NASSAU, BAHAMAS — Sarkis Izmirlian, Baha Mar’s original developer has secured another victory in a US Supreme Court after a judge dismissed a counter claim by the mega resort’s main contractor for shareholder oppression.
Izmirlian’s BML Properties vehicle successfully persuaded the New York State Supreme Court to dismiss China Construction America’s counterclaim for shareholder oppression.
Justice Saliann Scarpulla also agreed to the motion by BML Properties Ltd to strike the demand in the counterclaims for punitive damages.
A summation of the dispute noted that CSCEC, CCA’s parent had agreed to invest $150 million into the Baha Mar development project in exchange for 150,000 Series A shares.
The Baha Mar development project was projected to be completed by 2015. The parties did not meet the 2015 deadline and the development project was halted.
In June 2015, Baha Mar Ltd. began bankruptcy proceedings in the United States Bankruptcy Court for the District of Delaware. In July 2015, the Government of the Bahamas filed a “winding up” action against Baha Mar Ltd. and affiliates, including BML.
BML subsequently commenced legal action against CSCEC and CCA for fraud, breach of contract, and breach of the implied covenant of good faith and fair dealing. CSCEC countered for breach of contract, breach of the implied covenant of good faith and fair dealing, and shareholder oppression under the Bahamas Companies Act.
In its request for relief, CSCEC sought monetary damages, costs and attorneys’ fees, and punitive damages. BML moved to dismiss CSCEC’s counterclaim for shareholder oppression on the ground, among others, that was not viable under New York law and sought to strike the punitive damages demand as unwarranted.
CSCEC had alleged that BML took actions that were oppressive to the company, such as diverting money to entities controlled by BML, for purposes unrelated to the development project, and that BML withheld material information from CSCEC relating to the project’s design and finances.
BML argued that the shareholder oppression counterclaim was based on a Bahamian statute, the Bahamas Companies Act, which is not the law applicable to the parties’ relationship. BML also argued that the parties are subject to New York Law pursuant to a governing law provision in the Investors Agreement, and that CSCEC’s shareholder oppression counterclaim could not survive a motion to dismiss pursuant to New York law.
CSCEC contended that the Investors Agreement did not mandate the application of New York law to all causes of action that may arise as a result of the parties’ relationship.
CSCEC claimed that the New York choice of law provision should be narrowly applied only to the interpretation of the Investor Agreement itself.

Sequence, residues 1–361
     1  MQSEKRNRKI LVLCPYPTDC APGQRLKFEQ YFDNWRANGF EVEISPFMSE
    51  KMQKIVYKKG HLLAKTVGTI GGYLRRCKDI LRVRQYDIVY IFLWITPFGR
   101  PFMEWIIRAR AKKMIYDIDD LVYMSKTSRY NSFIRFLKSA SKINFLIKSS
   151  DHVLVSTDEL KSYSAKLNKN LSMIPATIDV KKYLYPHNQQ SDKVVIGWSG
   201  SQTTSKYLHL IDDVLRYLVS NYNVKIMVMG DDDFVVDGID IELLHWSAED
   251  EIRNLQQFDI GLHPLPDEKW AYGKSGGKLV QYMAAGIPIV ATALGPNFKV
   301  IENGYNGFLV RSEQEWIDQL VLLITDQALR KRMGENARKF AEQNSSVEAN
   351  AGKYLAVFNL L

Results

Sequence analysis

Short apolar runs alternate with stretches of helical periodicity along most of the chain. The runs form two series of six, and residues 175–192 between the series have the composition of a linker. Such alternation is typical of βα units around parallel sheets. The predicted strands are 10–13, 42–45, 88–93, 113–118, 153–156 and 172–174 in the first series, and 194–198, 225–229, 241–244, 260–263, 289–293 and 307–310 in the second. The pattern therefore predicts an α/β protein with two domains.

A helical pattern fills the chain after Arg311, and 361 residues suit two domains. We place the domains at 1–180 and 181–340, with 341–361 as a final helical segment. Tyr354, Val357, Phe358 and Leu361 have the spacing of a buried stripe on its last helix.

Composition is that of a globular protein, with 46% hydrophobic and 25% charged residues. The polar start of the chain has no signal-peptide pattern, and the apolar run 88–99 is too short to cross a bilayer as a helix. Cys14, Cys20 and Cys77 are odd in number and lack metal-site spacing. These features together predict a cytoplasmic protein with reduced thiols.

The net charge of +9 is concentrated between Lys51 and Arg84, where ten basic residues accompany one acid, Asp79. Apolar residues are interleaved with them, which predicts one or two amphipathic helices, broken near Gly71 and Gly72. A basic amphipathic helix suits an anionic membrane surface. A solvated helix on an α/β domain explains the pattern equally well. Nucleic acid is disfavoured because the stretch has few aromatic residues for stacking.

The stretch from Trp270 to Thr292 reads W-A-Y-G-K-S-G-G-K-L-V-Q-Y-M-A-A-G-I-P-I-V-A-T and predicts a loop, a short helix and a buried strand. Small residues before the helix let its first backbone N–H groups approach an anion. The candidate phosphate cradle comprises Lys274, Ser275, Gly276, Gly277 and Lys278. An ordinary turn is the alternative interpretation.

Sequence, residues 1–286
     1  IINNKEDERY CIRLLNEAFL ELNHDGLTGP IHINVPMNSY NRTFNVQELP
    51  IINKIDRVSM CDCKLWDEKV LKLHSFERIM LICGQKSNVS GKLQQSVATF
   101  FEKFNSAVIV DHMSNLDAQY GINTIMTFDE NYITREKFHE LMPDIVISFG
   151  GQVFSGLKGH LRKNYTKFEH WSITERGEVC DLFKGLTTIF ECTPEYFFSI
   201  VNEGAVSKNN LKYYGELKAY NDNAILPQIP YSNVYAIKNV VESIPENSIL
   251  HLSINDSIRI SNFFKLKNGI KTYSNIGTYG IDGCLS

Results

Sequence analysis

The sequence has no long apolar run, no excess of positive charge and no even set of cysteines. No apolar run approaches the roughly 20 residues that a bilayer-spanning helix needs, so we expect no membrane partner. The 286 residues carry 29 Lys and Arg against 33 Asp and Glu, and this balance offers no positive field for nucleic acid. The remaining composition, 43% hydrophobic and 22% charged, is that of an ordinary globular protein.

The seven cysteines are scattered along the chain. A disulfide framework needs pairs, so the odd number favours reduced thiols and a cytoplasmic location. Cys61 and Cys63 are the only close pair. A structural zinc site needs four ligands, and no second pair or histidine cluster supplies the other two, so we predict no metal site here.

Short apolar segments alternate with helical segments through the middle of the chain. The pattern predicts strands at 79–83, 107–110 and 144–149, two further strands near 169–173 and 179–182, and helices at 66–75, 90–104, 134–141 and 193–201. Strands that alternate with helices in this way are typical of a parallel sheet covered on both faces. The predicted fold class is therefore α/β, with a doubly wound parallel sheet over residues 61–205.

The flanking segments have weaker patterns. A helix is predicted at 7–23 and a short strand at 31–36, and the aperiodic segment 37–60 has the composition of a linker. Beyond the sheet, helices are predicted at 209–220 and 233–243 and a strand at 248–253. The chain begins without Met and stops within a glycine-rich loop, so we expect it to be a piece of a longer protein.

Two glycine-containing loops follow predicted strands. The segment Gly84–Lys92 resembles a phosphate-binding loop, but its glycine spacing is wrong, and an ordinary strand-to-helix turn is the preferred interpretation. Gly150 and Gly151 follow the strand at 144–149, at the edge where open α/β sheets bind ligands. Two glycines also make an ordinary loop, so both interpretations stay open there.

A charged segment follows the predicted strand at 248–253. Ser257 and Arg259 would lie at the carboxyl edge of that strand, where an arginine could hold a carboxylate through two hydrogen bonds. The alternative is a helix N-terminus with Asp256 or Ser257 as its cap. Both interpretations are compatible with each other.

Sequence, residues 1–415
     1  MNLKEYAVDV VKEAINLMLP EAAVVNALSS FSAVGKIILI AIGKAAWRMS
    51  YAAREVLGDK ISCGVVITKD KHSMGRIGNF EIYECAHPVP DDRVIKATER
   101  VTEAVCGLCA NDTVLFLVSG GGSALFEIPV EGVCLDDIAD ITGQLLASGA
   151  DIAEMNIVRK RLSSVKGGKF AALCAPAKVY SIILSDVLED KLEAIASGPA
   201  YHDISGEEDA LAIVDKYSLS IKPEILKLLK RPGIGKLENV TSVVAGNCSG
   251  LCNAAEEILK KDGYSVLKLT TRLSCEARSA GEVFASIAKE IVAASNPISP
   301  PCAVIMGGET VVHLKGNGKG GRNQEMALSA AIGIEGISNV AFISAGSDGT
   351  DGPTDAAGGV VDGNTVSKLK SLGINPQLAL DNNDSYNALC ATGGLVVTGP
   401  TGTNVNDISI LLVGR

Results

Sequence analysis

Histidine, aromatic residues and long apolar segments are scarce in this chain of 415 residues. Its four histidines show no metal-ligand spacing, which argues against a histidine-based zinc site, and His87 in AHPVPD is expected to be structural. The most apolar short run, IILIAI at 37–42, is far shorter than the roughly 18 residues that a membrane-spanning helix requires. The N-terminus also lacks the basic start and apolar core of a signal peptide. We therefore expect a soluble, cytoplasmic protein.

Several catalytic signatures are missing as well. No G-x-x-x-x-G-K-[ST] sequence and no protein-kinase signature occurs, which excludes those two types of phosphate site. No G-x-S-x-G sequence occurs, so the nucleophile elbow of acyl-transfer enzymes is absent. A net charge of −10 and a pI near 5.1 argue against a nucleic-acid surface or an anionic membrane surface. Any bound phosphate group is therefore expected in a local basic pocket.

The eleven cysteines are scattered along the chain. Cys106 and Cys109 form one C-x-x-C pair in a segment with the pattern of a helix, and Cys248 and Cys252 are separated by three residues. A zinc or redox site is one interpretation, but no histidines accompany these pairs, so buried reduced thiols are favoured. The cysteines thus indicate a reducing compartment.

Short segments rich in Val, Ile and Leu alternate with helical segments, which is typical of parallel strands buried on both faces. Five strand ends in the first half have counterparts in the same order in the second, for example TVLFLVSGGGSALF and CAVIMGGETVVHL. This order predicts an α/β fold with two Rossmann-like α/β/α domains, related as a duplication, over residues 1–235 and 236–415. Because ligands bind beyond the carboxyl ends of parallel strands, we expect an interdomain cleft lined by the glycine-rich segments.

CSCEC further argued that, because its shareholder oppression counterclaim was not based on the Investor Agreement, but instead based on a Bahamian statute, the governing law clause in the Investor Agreement was inapplicable.
Judge Scarpulla however determined that New York law applied to the counterclaim alleging shareholder oppression. He had ruled similarly in a previous decision denying CCA’s motion to arbitration and dismissal of the proceedings for lack of jurisdiction.
He noted that the parties had “plainly and broadly” agreed that New York law, not Bahamian law, would govern their relationship.
“Moreover, the parties directly disclaimed any choice of law analysis,” Scarpulla said.
“CSCEC has not alleged that the Governing Law clause is invalid or that its enforcement would be unreasonable or against public policy. Thus, there is no reason to ignore the parties choice of New York law simply because a Bahamian statute is more favorable to CSCEC. Further, CSCEC’s argument that New York law only applies narrowly to the interpretation of the Investors Agreement is meritless.”
BML had argued that the shareholder oppression counterclaim be dismissed because to bring a cause of action for shareholder oppression in New York, a party must have voting rights, which CSCEC did not have and that the only remedy that New York law provides for shareholder oppression is winding up of the corporation, which has already taken place; and that CSCEC waived its right to bring the shareholder oppression counterclaim pursuant to the Investors Agreement, because the parties have waived all common law fiduciary duties.
The judge found that because CSCEC did not own 20 per cent voting shares and because Baha Mar Ltd. has already been dissolved, there was no basis for CSCEC’s shareholder oppression counterclaim.